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Unformatted text preview: 2.1 Instantaneous rate of change and 2.2 The derivative function a? Cwmoi gassans) From chapter 1, there were 2 rates of change:/ \eﬁi LL, Mt \ ‘C
.. at”
2 s 3; Average rate of change: an 0‘2 SW1 “Wt “ A“ J?
(me
Percent rate of change: t L
f0 * ’) 5mm W/W
We mentioned that the derivative ﬁmction is a slope and so is the average rate of change,
but there is a difference: The derivative is the slope at 1 point, and the average rate of
change uses 2. The lines that show these slopes are the tangent and the secant line
respectively.
The only problem with 1 point is that our slepe formula requires 2. The good news is
that if the 2 points are REALLY close, they look and act like 1 point. A
“any” ﬁﬂb/‘éD : A“°m"’°‘: 3‘ i \ t
/ ((3: D) I (SII gm
Let f (x) = x2. What is the average rate of change om x=0 and x=3? Use a very small L“
ﬂu“ I“winterval to estimate the instantaneous rate of change at ,7
% m do! A '_.___°°°“°‘ “31:: ﬂ: «3‘3"
A)? wt X20 m: ems—c .oo'l
' (mm mm 1: not}
Lop) (mg Ile'“)
COP) Leolvma D
V XI?! ' ::
(“g/f9,” 8mm Mmﬁosuauaq‘5'm09Q jz'q‘ﬁ“ m a) nee—Elﬁn“?
1q11 33" 1‘73“) 45' SM 1
Lg (,3 q) (23‘ l _ to * 5.?ﬁ‘iﬁi'ké
1W? 1 1 (6 “m 41 ﬂ 5. as “km 4..
 0° _ A 1; ' * f"
A¥g ‘00 m_ Wz.q1 3 m W “l ﬂaw—Lt Note that in each case, the instantaneous rate of change is just the slope of the tangent
line. \(Euooui 15 MR‘S ‘1 Estimating instantaneous rate of change from a table.
1 W‘“5
m — Ex. (4) Find the avera e veloci over the interval 0 S t S 0.8 , and estimate the velocity
at t=0.2 of a car whose position, S, is given by e o owmg table:
t(sec) 0 0.2 0.4 0.6 0.8 1
S (f?) 0 0.5 1.8 3.8 6.5 9.6 (o 03 = W‘ q
($35.5) AJC' F b
nulan 0919541 “"1" it?” 2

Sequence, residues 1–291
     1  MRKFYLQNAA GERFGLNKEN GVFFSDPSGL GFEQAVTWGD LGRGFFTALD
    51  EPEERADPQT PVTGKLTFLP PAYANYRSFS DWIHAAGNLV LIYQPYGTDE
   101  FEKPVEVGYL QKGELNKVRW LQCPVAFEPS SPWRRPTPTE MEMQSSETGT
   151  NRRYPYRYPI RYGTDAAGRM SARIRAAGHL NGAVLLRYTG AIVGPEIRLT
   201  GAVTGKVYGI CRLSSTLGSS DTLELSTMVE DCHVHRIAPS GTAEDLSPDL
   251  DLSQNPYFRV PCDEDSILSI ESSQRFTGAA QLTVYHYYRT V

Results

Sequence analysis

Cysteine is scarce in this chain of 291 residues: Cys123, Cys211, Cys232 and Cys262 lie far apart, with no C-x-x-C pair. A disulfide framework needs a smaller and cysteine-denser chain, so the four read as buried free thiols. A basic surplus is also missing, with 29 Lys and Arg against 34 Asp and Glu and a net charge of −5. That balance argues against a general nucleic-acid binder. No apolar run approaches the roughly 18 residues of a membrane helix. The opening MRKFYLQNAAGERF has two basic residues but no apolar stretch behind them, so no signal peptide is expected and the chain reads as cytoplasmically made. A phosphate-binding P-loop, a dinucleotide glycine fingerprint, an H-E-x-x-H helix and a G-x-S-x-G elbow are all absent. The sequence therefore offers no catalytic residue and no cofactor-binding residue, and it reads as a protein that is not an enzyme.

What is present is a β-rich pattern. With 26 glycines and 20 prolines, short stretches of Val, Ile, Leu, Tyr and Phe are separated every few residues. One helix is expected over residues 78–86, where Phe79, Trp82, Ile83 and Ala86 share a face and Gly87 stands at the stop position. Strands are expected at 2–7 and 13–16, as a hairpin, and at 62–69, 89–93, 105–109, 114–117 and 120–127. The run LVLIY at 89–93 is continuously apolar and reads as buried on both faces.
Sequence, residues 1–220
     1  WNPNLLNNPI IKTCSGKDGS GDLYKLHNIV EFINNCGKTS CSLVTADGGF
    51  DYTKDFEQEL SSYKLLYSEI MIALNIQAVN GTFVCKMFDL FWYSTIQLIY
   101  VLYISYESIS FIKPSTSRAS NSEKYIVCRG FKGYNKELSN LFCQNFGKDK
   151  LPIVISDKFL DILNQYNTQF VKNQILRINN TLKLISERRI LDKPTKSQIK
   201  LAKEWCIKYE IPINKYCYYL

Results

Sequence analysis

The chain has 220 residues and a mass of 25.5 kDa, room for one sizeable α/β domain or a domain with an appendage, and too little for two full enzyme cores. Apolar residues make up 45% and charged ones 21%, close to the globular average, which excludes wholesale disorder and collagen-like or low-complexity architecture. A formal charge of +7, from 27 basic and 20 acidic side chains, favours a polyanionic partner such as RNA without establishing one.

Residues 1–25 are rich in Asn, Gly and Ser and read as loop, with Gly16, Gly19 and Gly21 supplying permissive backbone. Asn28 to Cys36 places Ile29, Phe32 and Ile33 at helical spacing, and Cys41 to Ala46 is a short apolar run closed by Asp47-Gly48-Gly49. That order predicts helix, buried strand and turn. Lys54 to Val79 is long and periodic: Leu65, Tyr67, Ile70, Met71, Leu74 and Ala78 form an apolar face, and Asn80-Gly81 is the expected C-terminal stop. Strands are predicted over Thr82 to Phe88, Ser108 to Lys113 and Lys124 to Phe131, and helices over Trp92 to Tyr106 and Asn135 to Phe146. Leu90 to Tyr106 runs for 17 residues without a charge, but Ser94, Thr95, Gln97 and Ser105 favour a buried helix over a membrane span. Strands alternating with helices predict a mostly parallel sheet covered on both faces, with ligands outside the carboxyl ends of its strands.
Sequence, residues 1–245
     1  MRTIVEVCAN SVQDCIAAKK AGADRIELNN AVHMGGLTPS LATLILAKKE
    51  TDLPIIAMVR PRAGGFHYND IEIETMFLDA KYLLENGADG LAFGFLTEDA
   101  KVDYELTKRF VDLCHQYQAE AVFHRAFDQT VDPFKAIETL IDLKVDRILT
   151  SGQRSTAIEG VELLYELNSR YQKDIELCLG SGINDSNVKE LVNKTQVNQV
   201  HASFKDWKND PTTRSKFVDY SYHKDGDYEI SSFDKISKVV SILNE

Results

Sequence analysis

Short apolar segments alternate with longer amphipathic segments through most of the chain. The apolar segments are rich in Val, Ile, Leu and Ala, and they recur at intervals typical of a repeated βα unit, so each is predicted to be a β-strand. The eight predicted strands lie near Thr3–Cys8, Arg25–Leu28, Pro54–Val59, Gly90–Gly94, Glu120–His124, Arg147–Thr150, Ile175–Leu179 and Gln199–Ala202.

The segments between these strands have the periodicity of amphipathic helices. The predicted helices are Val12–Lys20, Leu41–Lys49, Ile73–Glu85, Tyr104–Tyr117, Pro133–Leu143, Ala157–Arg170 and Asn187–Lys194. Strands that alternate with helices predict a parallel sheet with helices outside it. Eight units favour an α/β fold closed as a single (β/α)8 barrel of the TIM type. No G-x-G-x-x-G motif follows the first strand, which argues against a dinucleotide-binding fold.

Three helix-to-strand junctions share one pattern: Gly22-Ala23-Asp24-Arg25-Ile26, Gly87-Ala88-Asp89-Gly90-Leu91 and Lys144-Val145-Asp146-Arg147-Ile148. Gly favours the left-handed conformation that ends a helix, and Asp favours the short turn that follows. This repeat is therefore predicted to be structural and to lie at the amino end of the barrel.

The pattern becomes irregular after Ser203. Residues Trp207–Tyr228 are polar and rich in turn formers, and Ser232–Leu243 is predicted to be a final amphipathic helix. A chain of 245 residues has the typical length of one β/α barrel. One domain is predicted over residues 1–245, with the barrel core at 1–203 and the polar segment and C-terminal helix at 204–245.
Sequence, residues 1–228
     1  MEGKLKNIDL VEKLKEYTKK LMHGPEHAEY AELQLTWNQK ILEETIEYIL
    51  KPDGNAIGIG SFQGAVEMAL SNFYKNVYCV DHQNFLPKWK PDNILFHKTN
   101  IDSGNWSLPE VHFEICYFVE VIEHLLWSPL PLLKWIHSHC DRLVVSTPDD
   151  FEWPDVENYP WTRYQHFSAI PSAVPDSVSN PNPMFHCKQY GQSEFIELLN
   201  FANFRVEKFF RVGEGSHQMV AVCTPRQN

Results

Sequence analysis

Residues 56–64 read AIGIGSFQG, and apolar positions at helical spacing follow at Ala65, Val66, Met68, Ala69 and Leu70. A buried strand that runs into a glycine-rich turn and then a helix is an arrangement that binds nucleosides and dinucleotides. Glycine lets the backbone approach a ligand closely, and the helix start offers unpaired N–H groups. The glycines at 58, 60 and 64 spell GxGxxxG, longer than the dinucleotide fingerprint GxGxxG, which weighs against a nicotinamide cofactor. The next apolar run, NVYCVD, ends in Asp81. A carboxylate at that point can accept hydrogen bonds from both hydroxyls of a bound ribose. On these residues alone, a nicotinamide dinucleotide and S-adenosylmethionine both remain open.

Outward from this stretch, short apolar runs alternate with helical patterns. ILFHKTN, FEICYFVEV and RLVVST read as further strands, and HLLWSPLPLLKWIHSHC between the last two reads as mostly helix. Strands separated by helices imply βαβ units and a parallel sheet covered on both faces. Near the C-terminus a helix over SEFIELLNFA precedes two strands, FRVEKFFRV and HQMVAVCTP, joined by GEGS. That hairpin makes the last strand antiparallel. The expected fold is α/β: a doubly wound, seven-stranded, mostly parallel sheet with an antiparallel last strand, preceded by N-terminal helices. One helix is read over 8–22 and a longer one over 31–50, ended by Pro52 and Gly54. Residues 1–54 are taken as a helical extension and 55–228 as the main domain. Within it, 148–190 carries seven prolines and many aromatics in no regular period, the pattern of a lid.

MATE
e: Glee'1 ﬁzz I ‘ i
U
(oldilq’lﬁ C.Z.5)Cq‘8 For the graph given below, estimate the instantaneous rate of change (=slope of the
tangent line=derivative) at each “major” point Use the table to ﬁll it} the following table
X .... height slope . M?”
{nut mar W W3 W MW“! W at“?
Foams “’ 9”“ HBO “:5 WW
yAXIS Use the table to ﬁll in the following table
3..X..=f(x) m=f'(X) {Away"5‘ Wﬂwhw Is
[3 gwfm ‘33.“ Icy(n 2.3 Interpretations of the derivative.
Let’s look at the two types of linear rate of change:
Average rate of change Instantaneous rate of change Thus there are several different ways to notate the derivative: f'(x) f'(3)=2
ﬂ Q = _2L/—.:'~D!\
air dx 1:3
Slope of the tangent line at x=3 is 11122
[61+ 0 Ex (13) A mutual fund is currently valued at $80 (per share) and its value per share is
increasing at a {egg of $0.50 per day. Let V(t) be the value of the share 2‘ days from now.
A) Express the information above in terms off and f’. . \
( B) Assuming the growth rate stays constant, estimate and interpret f0 0). 4:.) “r
Cie 5 ‘” aiuﬂ. \f U50 1’ i i \L j’c‘ita
J tum t Cop
sup? \[ L03
‘3 41 L3
Local Linear approximation
What we just did in the prior example of taking the current linear trend and continuing
it is called local linear approximation. What did we do as far as a formula? Ifdelta x is
close to 0 then, we know from doing instant rate of change problems that:
52 as A—y or solving for delta y, we get Ay ~ d—y  Ax = f'(x)  Ax . This gives us _/"
0‘55 Ax mum was. 0'36 {Wecw 6m
f(x+Ar)=y+Ay m f(x)+f'(x)Ax ‘
/ CHI“5' t UK} cL. Fur:1 5
[run/2. ’ L": "
(no .: Y (‘00 " m
Y ' — M 
The bigger Ax is, the sure we are about our estimate. in (X F‘) m:
(24:01) :f'oo. (“I 45’ I meant UNE. 124;“) Him ' M ...
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This note was uploaded on 12/21/2011 for the course BUS 100 taught by Professor Intro during the Fall '11 term at UCSB.
 Fall '11
 Intro

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